Don’t plant trees over sewer pipes
Give some thought when planting trees or large bushes in your garden. Because roots extend some distance underground, try to plant trees as far away from the sewer pipe as possible. Choose species that grow slowly and do not have large invasive roots - avoid willows as they have very invasive root systems.
Your local garden centre should be able to give you good advice on which plants to use.
During wet weather, rain water drains into the sewerage system and if the capacity of the system is exceeded, the wastewater can back-up and overflow from low points within it.
It is important to contact us as quickly as possible if you suspect a sewage spill is taking place, so that appropriate action can be taken to safeguard public health and the location recorded.
Low lying gully traps and water from roof downpipes are the major causes of stormwater getting into the sewerage system. Our on-going sewer inspections are identifying potential problems and helping to reduce stormwater inflows.
You can help by making sure there is no direct connection of stormwater to the sewer pipe (e.g. down pipes into the gully trap or low lying gully traps).
For further information about work currently under way to eliminate sewage spills, follow the link below.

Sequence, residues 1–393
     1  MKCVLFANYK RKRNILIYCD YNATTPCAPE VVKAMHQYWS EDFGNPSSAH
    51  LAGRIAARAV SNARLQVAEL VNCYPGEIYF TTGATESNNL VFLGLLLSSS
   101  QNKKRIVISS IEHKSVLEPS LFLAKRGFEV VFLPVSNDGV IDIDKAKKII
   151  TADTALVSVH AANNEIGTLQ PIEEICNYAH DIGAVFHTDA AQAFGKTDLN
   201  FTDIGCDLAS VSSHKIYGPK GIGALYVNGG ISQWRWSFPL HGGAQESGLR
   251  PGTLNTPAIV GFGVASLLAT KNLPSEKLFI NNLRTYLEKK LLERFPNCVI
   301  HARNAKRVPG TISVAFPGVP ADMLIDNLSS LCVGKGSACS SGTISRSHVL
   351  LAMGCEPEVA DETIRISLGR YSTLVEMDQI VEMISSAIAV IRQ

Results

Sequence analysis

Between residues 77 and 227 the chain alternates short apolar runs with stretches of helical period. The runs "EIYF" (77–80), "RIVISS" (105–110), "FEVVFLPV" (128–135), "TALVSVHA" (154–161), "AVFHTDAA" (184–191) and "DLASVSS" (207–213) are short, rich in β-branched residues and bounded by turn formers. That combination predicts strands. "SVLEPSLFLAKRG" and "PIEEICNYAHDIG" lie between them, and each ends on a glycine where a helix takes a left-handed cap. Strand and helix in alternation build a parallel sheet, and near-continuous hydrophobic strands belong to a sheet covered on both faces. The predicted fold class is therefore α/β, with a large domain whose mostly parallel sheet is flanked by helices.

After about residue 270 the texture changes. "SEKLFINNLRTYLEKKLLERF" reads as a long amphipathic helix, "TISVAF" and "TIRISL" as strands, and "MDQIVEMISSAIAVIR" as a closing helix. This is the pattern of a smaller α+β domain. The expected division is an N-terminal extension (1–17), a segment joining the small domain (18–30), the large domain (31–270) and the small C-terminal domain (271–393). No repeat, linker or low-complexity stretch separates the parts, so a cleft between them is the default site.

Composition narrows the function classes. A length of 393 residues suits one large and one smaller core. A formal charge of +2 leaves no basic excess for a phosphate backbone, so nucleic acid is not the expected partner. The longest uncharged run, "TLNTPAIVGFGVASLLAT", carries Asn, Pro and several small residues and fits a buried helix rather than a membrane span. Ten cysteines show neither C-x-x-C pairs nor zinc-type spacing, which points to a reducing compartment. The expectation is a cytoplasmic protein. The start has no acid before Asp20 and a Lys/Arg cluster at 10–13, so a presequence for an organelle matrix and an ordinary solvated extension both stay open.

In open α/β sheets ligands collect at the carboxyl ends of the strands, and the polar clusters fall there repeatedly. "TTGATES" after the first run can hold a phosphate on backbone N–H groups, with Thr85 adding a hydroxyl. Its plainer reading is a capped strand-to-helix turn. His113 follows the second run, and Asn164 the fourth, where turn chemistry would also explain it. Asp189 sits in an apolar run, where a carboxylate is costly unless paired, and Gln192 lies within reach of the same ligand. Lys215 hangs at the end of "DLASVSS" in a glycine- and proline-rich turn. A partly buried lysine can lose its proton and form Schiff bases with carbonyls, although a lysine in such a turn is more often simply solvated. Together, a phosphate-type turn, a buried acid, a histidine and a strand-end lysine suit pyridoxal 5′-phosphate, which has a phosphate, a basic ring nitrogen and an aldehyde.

Ownership and responsibility
Property owners are responsible for the maintenance and upkeep of the pipe work from the building to the point at which the pipe joins into the Council system. This point is generally on the property boundary where it crosses from private to public land.
If there are problems with blocked or slow flowing drains, please contact a professional drainage firm to investigate. Property owners are responsible for the cost associated with any works carried out on their section of pipe.
We own and maintain the system of public pipes running from the property boundary to the wastewater treatment plants. We are responsible for the costs associated with unblocking public pipes.
Pipes may break for a number of reasons such as landslides/slips, excavations and pipe wear and tear. This will generally result in an immediate spill of sewage at the point of break.
If a section of pipe breaks or gets damaged on private land, it is the responsibility of the property owner to repair the damage and pay the cost of the work.
We are responsible for the maintenance and upkeep of all public sewer pipes. If you think that the damaged pipe is Council owned, please contact us and our contractor will investigate.
To view the list of approved and licensed contractors, follow the link below.
List of Registered and Licensed Contractors [82kb]
Pump station failure
Pump stations are managed by us and can fail for a number of reasons including blockages, power loss or mechanical breakdown.
The loss of a pump station causes wastewater to back-up in the gravity system. All pump stations have warning systems, which alert the operators of failure. As a backup, pump stations are also fitted with a loud audible alarm and or a flashing orange light.
If you hear or see these alarms please contact us immediately.